Swiss companies looking to sell their products in Korea need to pay attention to the following:

  • Virtual marketplaces, such as Coupang, enable foreign companies to open a sales channel quickly.
  • Customers don't want to waste time shopping; they want their shopping experience to be as trouble-free as possible.
  • Localization and end-to-end customer service are highly important.
  • Taking quick and aggressive action pays off in South Korea's dynamic online market.
  • Customers often discover products using search engines. Keyword marketing therefore offers good opportunities to boost sales.
  • Do not sell through one channel only. An omnichannel approach gives you more opportunities to address customers.
     

International e-commerce to South Korea: Opportunities and risks

Opportunities

Challenges

Over 90% of people have access to the internet and own a smartphone

Fierce competition among online retailers

More than half of online purchases are made via mobile devices

Customers expect rapid delivery, around-the-clock customer service, and quick response times

Strong growth in e-commerce

Certain products may be subject to customs duties

Online payment systems are widespread and accepted

Customers must be provided with detailed product information and an uncomplicated shopping experience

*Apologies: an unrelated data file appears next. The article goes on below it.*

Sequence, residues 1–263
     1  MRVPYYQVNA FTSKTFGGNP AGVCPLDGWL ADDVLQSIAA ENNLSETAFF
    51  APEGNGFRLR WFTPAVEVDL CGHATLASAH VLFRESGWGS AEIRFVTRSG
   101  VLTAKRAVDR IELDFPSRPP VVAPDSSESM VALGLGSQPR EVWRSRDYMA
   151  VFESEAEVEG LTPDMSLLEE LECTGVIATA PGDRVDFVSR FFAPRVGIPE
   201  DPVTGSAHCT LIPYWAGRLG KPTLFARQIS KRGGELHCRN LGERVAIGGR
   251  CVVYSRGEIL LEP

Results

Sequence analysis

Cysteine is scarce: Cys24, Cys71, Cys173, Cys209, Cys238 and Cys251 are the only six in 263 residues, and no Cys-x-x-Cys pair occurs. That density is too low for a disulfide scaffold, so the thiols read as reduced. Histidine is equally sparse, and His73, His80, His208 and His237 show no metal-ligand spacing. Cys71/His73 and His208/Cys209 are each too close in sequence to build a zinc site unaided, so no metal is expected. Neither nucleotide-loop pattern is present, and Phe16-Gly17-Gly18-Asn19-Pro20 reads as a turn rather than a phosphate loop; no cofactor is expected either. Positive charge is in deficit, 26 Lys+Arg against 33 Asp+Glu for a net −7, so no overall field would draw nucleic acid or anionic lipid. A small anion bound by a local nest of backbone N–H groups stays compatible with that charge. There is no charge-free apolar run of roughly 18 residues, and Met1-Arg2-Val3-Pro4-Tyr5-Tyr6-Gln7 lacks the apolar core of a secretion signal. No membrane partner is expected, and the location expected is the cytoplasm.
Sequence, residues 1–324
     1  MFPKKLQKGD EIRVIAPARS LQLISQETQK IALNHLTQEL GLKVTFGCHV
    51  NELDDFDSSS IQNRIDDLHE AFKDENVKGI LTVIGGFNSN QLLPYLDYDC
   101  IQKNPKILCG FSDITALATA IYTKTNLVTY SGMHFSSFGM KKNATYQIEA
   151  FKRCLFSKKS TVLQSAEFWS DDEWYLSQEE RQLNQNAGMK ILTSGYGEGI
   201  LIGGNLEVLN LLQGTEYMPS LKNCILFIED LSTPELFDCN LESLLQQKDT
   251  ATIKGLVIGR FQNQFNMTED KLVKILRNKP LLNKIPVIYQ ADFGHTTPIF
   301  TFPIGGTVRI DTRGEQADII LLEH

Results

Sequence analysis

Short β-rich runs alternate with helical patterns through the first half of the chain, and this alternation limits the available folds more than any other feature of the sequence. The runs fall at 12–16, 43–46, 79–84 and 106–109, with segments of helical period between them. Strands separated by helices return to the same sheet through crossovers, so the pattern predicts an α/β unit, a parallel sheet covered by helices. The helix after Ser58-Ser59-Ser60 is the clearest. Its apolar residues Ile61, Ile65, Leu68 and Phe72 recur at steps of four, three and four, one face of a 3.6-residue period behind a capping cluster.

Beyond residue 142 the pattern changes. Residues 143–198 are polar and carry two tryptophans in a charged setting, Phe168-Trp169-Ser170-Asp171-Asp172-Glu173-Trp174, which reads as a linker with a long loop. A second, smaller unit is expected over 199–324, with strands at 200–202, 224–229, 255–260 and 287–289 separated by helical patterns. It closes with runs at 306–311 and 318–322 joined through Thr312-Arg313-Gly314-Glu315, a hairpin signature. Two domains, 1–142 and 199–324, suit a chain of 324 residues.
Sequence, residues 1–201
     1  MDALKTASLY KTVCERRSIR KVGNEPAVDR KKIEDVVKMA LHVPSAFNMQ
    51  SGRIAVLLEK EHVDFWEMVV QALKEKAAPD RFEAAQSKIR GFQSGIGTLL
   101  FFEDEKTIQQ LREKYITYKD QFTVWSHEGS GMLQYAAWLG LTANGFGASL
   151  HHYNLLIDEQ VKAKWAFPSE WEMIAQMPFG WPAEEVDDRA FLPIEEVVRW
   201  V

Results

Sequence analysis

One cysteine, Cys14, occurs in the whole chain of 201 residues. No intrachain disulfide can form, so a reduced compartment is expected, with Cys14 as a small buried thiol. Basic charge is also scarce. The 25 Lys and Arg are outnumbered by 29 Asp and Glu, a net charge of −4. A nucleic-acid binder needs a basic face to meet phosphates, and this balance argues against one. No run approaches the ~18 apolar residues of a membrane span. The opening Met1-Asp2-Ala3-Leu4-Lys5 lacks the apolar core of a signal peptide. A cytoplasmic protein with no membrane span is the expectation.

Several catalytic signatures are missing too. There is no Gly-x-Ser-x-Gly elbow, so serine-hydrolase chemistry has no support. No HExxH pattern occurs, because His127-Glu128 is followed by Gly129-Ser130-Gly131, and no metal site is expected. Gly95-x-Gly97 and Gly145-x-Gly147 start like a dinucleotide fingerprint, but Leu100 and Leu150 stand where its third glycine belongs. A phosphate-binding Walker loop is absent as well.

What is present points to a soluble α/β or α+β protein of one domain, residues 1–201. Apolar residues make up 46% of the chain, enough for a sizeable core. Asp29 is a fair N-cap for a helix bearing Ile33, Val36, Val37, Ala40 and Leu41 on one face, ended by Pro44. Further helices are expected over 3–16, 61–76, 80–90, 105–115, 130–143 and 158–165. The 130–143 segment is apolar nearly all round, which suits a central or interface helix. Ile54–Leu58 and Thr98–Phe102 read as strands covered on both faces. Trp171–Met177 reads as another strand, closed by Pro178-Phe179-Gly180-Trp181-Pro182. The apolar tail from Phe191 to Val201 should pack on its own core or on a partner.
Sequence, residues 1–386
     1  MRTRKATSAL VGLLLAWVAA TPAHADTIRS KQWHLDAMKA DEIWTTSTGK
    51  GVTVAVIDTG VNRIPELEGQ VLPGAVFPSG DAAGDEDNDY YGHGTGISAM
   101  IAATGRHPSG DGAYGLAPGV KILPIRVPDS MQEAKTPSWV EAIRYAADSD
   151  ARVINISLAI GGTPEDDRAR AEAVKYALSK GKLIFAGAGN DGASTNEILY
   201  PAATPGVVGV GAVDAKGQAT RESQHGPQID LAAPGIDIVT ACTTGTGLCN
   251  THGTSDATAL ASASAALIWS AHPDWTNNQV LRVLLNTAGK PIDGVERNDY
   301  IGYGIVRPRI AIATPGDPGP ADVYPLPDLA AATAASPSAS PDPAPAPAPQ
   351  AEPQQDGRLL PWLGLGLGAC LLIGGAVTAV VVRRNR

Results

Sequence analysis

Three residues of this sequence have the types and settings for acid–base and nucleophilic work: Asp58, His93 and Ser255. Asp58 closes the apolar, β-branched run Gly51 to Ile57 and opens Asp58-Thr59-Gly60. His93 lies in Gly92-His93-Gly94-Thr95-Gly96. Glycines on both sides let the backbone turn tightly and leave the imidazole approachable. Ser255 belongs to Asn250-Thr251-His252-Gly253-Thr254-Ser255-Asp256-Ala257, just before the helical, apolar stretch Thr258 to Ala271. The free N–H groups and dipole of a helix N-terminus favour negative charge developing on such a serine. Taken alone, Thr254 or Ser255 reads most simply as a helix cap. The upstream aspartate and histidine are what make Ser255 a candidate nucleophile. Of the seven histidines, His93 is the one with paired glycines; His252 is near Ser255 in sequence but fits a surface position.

China and India

Digitalization in the densely populated markets of India and China is spreading rapidly. Today, China is already the biggest market in the world in terms of revenue for e commerce. Thanks to the expansion of internet access and the spread of smartphones, millions of potential new customers are being added annually. Swiss products also enjoy an excellent reputation in these regions. In these markets, Swiss SMEs need to keep the following points in mind:

  • Take one step at a time, and constantly evaluate the success of your actions.
  • Existing and reliable platforms as sales partners provide support in the areas of logistics and customer service.
  • Mobile payment systems are widely accepted in Asia.
  • Digital and social media marketing play an important role in addressing young people. In addition to the usual platforms, examples of popular advertising media with huge audiences in China include live streams.
  • Local importers and sales partners are indispensable in India, and they offer market expertise and support with the marketing of products and choosing a strategy.
  • Address every customer segment using an omnichannel approach and a combination of online and brick-and-mortar stores.

International e-commerce to China and India: Opportunities and risks

Opportunities

Challenges

Huge markets with enormous potential

Success is difficult without local partners

Most online purchases are made using mobile devices

Bureaucratic hurdles and customs duties

Strong growth in online business

Strong and aggressive competition in online business

Would you like to learn more about the opportunities of e-commerce?